An Open Letter to CLP

Press release - 2006-04-25

Mr. Michael D. Kadoorie

CLP Holdings

147 Argyle Street, Mong Kok,

Kowloon, HK

25th April 06

Dear Mr. Kadoorie,

We have not met for a year since Greenpeace representatives attended in CLP's 2005 AGM.  Hope everything with you is good.

As we have some difficulties in getting in touch with your colleagues for a genuine discussion on issues related to air pollution and RE development, I am writing to you to draw your attention to several issues which Greenpeace would like to know more from CLP.  I am glad that if you can address them in today's AGM or occasions in the near future.

a) Coal-fired plants

The coal-fired plants of Castle Peak power station are going to be expired very soon, in which plant A will be expired by 2012 and plant B by 2016.  As Castle Peak power station is the major power generation unit in HK, which is also the main cause of air pollution in local context, what would be the plan for CLP to deal with this situation?

If the coal-fired generating units are going to be upgraded and extended their life-cycle, then how much does CLP need to invest?  If not, what steps will CLP take to replace these units and how much do they cost instead?

b) BLCP transaction

According to the news report in Bangkok Post (8 April 06), CLP Power Asia has decided to sell the entire 50% stake in BLCP Power Co to EGCO and the transaction will be completed in the second quarter of 2006.  As CLP Power Asia is also planning to transfer 22.4% of its stake in EGCO to OneEnergy, the stake of CLP Power Asia in BLCP will be reduced from 50% to 11.2%.

As mentioned in CLP Holdings Annual Report 2005, "We believe that the underlying economics of BLCP are strong and that it will prove to be a valuable investment for the CLP Group." (page 60)  What are the reasons for this "sudden" change?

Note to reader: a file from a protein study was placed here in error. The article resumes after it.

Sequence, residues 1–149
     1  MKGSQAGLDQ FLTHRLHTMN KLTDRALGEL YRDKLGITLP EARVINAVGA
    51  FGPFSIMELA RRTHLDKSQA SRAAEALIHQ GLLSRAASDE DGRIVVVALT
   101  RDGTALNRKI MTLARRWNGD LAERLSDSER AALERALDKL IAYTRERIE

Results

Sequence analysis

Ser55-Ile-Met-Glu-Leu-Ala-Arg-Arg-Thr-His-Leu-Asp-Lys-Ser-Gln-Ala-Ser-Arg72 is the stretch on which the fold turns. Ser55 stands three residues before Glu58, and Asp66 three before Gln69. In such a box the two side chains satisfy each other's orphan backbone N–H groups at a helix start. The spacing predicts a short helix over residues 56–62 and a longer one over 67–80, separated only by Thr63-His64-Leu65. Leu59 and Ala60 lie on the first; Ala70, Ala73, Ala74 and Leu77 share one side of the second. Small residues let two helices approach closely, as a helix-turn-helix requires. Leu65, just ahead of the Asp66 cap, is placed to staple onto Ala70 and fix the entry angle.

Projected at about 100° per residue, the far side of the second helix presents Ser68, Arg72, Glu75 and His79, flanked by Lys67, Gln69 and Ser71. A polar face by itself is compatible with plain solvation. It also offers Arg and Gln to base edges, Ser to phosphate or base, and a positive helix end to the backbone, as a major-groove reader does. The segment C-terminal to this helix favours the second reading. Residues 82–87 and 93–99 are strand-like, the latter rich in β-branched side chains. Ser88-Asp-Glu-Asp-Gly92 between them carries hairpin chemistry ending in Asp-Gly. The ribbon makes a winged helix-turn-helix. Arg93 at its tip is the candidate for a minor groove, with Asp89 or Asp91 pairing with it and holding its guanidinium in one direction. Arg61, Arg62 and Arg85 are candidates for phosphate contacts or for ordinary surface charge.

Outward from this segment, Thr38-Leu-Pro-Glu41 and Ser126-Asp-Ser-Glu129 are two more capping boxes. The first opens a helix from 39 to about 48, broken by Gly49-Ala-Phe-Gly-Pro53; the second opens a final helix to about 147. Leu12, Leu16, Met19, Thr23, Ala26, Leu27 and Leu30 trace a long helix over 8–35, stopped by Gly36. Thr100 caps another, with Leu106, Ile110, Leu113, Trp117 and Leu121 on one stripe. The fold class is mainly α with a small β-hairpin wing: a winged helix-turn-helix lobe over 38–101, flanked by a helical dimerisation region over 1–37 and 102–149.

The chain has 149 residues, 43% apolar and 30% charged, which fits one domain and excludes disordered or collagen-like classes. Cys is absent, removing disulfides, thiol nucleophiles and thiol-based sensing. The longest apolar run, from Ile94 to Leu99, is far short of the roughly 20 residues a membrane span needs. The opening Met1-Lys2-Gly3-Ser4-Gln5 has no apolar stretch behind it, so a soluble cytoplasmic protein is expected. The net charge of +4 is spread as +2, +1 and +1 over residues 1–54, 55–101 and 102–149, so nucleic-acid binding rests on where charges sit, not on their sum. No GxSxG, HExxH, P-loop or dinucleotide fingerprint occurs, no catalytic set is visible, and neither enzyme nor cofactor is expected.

c) Environmental requirements under the post-SOC regime

In the leaflet "CLP's Views of Government's Consultation Paper on the Future Development of the Electricity Market in Hong Kong - Stage II Consultation" published in March 2006, CLP mentioned that both "energy policy" and "environmental policy" are unclear and the suggested environmental regulations are "unreasonable", which will significantly increase the risk of CLP investment.

What we know from officials of Environmental Protection Department, however, the government prefers not to intervene the fuel mix of power companies, but rather to restrict the level of emission, and the power companies can adjust the fuel mix accordingly to achieve the reduction target. In this light, as a policy direction, the emission reduction target agreed by the Guangdong and Hong Kong Government should be clear enough.  Does CLP prefer a dictation from government on fuel mix instead?

Furthermore, as mentioned by CLP in the document to HKSAR Legislative Council in July 2005 regarding the financial plan, CLP publicly announced their inability to achieve the 2010 emission reduction targets.  CLP showed strong reservation to the suggestion of linking up the emission performance and permitted rate of return, if not oppose completely, does it mean that CLP refute to face the penalties of not meeting the reduction targets?

Last but not least, we appreciate the recent establishment of "CLP Renewables" in your corporate to oversee the renewable energy development projects and potential.  We are very much happy to further share Greenpeace expertise in the renewable energy field and contribute to anything if you think Greenpeace is able to help.  It would be great if we are able to meet up with you and your colleagues from "CLP Renewables" and CLP Power Asia in the near future.

Should you have any questions, please feel free to contact me at 28548300.  Looking forward to hearing from you soon.

With best wishes.

Yours sincerely,

____________________

Chow Sze Chung

Air Pollution Campaigner

Greenpeace China

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